If it wasn’t for Walmart and Amazon, Costco would be biggest retailer in the US and the world. The late Charlie Munger, Warren Buffett’s right-hand man, was not only a shareholder, but once said he was “obsessed” with the company. With over 860 warehouse stores, a strong brand, more cash than debt and steadily rising sales, earnings and dividends, Costco really has it all.
The company went public in 1985 and has been in a continuous uptrend ever since. Currently above $607 a share, the stock is once again flirting with a new all-time high. That doesn’t mean it hasn’t had its fair share of bear markets, though. The bigger ones include a 72% crash in the early-1990s, a 57% selloff in 2000, a 49% plunge in 2008-9 and a 34% drop in 2022. The bottom line is that even a great business such as Costco is not immune to the vagaries of Mr. Market.
At its present valuation, the company trades at a forward P/E ratio of nearly 40. This is a demanding multiple no matter how you slice it. Even more so for a company, which is already quite big. The question investors are probably asking themselves right now is, does Costco ‘s high quality justify paying such a high price for the stock? We’ve been wondering the same thing, but a quick look at the chart below gave us a pause.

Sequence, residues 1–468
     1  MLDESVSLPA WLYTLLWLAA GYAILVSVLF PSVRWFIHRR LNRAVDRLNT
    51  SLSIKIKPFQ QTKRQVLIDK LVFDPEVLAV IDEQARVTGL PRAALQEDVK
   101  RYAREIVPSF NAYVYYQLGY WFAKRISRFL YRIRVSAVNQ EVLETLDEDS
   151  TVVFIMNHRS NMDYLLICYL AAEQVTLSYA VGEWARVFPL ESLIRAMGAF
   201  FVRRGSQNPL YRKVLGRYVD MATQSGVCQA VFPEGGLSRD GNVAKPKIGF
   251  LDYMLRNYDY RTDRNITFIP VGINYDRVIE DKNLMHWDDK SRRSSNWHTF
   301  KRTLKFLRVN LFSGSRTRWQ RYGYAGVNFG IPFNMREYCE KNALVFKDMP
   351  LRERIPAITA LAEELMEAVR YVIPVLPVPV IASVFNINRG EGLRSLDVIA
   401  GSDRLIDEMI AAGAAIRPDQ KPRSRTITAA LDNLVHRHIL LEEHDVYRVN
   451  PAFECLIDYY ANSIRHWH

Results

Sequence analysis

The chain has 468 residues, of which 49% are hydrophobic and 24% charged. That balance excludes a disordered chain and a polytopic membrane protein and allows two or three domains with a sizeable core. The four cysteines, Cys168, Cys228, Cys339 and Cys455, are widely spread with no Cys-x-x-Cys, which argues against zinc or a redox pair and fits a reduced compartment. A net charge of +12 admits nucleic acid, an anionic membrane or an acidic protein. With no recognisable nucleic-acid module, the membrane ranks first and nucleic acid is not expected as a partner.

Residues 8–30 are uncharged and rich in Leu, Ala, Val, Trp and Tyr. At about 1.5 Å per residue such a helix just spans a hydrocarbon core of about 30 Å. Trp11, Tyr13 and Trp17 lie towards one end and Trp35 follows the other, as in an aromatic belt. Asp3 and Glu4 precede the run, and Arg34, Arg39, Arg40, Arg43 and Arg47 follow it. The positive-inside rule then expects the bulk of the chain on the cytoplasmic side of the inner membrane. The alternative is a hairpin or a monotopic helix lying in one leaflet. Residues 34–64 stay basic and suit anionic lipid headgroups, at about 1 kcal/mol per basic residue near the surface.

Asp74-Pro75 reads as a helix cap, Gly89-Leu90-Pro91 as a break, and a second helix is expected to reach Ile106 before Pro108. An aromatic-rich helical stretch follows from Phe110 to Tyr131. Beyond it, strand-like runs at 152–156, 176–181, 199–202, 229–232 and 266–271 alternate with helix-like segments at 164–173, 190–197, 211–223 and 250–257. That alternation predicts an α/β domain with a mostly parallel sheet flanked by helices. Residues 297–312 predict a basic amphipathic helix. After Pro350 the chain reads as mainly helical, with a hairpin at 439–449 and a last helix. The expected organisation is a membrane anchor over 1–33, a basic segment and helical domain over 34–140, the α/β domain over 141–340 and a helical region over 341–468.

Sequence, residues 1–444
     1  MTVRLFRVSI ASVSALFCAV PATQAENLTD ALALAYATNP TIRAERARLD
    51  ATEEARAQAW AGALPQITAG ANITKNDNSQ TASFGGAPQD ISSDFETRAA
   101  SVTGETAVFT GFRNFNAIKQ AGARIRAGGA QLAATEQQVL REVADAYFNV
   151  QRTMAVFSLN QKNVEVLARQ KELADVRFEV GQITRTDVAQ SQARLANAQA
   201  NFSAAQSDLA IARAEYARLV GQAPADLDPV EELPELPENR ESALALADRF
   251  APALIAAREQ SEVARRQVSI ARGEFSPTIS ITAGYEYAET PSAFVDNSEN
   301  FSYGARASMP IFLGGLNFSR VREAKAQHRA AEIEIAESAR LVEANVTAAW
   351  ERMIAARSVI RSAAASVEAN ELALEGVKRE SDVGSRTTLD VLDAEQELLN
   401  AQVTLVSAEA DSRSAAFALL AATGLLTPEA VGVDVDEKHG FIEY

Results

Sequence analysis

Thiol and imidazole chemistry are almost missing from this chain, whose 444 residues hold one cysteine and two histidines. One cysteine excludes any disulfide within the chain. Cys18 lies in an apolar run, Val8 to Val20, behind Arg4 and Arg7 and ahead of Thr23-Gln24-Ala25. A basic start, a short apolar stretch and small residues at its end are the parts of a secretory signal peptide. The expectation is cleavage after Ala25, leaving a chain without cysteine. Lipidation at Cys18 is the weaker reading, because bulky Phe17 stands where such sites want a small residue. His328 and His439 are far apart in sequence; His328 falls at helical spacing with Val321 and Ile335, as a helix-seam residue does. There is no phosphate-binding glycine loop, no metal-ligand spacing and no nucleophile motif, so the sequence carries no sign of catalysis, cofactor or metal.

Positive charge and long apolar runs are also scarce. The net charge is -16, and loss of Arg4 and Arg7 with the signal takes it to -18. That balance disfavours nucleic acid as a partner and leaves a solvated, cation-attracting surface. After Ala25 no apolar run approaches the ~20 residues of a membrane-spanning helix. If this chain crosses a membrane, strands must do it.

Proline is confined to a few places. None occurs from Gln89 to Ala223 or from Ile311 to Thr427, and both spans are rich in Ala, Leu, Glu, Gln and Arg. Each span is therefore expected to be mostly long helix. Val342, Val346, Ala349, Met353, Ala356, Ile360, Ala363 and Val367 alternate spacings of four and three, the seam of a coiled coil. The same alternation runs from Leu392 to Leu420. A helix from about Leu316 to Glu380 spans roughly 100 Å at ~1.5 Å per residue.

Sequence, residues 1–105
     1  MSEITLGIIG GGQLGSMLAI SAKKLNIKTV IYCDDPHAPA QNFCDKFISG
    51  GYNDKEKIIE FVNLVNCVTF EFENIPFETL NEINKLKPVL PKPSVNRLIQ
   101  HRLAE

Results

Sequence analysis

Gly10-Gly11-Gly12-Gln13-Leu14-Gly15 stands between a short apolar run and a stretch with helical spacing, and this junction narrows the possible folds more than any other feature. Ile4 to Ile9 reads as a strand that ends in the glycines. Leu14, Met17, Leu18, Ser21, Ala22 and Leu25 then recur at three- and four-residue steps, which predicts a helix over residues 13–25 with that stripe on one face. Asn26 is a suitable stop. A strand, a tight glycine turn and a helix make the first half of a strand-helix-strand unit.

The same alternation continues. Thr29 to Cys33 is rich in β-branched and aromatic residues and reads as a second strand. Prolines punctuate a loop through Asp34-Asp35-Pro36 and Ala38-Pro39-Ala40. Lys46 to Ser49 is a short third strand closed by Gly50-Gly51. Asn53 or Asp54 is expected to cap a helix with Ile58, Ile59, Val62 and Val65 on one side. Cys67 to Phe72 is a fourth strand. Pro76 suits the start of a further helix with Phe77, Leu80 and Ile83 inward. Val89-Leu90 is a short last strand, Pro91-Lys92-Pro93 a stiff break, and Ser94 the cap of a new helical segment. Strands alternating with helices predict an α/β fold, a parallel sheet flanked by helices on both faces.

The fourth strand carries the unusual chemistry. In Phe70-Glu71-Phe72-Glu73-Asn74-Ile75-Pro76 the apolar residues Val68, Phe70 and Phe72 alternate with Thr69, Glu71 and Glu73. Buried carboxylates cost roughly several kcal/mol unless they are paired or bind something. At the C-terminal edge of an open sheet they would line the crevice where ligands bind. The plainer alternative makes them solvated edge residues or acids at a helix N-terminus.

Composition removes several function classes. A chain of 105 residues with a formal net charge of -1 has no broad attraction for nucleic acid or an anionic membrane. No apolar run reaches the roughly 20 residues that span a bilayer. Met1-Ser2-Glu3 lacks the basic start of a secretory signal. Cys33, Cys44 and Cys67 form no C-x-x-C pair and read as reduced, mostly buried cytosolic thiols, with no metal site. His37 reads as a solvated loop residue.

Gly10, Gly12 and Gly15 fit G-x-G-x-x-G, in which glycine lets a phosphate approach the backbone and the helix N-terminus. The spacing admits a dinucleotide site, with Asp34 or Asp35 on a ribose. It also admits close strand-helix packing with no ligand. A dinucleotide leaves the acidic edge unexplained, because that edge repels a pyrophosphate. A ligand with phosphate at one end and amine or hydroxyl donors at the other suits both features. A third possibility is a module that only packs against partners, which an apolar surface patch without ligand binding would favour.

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Costco stock went nowhere during the twelve months ending May, 2023. The share price had been locked in an ever-narrowing range around the $500 mark. In the process, the price drew a pattern we’ve seen countless times. It is called a triangle and is known to precede the final wave of the larger sequence. Here, the pattern is labeled a-b-c-d-e and fits in the position of wave (4) of the bigger uptrend.
From this it follows that the current recovery must be part of the final wave (5). Fifth waves usually exceed the end of the corresponding third wave, so it makes sense for Costco to rise to a new record and then some. It looks like we’re close to the middle of wave 3 of (5). The remainder of this impulse can be expected to lift the stock towards the $700 mark.
Instead of celebrating, however, we think investors should brace for a notable bearish reversal. According to the Elliott Wave principle, every impulse is followed by a correction, which erases most or all of the fifth wave. In other words, a decline back to the support of wave (4) near $450 would make sense once wave (5) is over. Assuming a peak near $700, that’ll be a ~35% decline.
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